Download Nelson Labs’ SOT poster presentation to learn more about the scientific data behind Nelson Laboratories’ in vitro findings. You also read Nelson Labs’ press release, Scientists at Nelson Laboratories Discover Extractable Positive Control for In Vitro Skin Irritation Testing of Medical Devices.

Advances in in-vitro testing from the Society of Toxicology Meeting

Cell-Picture_1By Thor Rollins, Biocompatibility Specialist, Nelson Laboratories

While attending the annual Society of Toxicology meeting, I sat in on the Innovations in Toxicological Science symposium’s In Vitro Systems: Advancing Regulatory Science Through Innovation presentation. During this session the presenter discussed new in vitro methods that have been developed to test the safety and efficacy of new drugs and medical devices on human beings.

The cost of developing new drugs and medical devices is huge. The trends to better manage these costs involve making in vitro alternatives for making small-body systems to mimic what we would do with an organ or full body, sometimes called pseudo-humans.

With pseudo-humans, we can study a device or a drug to see how safe it would be before we take it to clinical trials, or test it on animals. This kind of system is faster at determining the safety and efficacy of pharmaceuticals and medical devices.

In addition, it can take years and millions of dollars to conduct tests on animals, but we know animals and humans aren’t directly correlated. So if we can come up with a system that is more predictive of safety, and is quicker and cheaper, we can move faster and be more confident of safety before moving onto clinical trials.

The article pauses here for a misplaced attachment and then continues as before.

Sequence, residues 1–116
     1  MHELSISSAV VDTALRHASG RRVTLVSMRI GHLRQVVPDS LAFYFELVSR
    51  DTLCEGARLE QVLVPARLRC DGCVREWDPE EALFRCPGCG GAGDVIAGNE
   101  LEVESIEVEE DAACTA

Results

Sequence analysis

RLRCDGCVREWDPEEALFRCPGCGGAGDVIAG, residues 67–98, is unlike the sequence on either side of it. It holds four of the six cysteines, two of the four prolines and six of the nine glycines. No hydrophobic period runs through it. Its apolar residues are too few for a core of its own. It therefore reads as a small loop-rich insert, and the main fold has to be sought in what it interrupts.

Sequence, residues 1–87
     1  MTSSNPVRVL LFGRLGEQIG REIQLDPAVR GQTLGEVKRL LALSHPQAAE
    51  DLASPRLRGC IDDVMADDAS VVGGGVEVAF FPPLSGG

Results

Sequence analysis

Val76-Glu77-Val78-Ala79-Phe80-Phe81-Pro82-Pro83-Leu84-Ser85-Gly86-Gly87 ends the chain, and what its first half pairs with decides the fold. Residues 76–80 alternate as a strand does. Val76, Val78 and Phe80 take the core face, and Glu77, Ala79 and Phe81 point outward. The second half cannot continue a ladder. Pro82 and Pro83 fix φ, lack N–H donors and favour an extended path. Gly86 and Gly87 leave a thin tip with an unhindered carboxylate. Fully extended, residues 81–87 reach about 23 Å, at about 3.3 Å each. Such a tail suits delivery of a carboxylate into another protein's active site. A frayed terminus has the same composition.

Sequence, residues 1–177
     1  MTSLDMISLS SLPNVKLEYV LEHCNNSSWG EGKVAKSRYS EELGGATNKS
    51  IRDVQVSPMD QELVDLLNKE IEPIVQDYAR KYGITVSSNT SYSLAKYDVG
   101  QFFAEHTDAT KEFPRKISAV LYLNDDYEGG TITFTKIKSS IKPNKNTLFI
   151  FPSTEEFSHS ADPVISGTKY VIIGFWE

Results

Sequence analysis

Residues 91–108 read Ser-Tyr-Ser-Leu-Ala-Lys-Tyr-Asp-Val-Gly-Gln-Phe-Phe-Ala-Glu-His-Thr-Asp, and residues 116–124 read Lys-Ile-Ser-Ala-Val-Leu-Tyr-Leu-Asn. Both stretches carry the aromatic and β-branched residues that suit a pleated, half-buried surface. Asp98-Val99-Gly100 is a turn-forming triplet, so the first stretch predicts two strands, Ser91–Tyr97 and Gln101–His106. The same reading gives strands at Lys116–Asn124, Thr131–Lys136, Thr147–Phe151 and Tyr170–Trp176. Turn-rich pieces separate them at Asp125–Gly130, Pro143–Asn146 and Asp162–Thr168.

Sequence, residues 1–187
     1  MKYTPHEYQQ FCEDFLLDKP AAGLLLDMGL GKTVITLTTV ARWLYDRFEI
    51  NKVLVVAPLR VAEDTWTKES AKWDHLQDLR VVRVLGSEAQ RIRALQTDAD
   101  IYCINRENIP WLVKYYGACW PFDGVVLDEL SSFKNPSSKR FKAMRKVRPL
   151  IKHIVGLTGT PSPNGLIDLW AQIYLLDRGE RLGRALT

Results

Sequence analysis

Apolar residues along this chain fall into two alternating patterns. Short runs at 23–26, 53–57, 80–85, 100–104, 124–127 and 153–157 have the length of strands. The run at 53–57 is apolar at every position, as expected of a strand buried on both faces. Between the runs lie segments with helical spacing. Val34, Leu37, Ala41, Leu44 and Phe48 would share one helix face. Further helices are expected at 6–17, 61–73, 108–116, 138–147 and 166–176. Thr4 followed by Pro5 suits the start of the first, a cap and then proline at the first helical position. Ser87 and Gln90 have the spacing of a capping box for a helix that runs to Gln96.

Pseudo-human tests are still in development, but a springboard test we already use at Nelson Laboratories is an in-vitro irritation test using dermal cells. Using stem cells, we grow a dermis to which we apply liquid that a medical device has soaked in. After application, we look for signs of irritation as a result of contact with the device.

We are currently working to get this in vitro irritation test to be a standard method for medical devices, so we no longer need to rely on animal testing. While this is not the same as using pseudo-humans for testing, it is a new form of testing already yielding positive results for Nelson Laboratories and our clients.

It has also become increasingly useful to utilize consultants when conducting tests. Their expertise aids in preventing unnecessary testing, which in the long run is less expensive and more productive for our clients.

Previously, we just performed the tests. Now, we are also focused on conducting safety assessments. We work with someone to determine the potential toxicity that would impact the patient, and consult with a toxicologist to determine what testing to do and examine the results. This prevents unnecessary testing and saves time and money in the long run.

We are currently working with a company with a device made of stainless steel. Together with a consultant, we looked at the process of making the device as well as the chemicals coming off of the device. By identifying these chemicals, we addressed the safety of the individual chemicals and determined which tests were needed and which were unnecessary. We conducted about two weeks of testing and research and eliminated the need for animal testing.  This not only saved time, but was also done at a fraction of the normal cost.

While many technologies are years away from being used on a regular basis, significant advances are taking place now.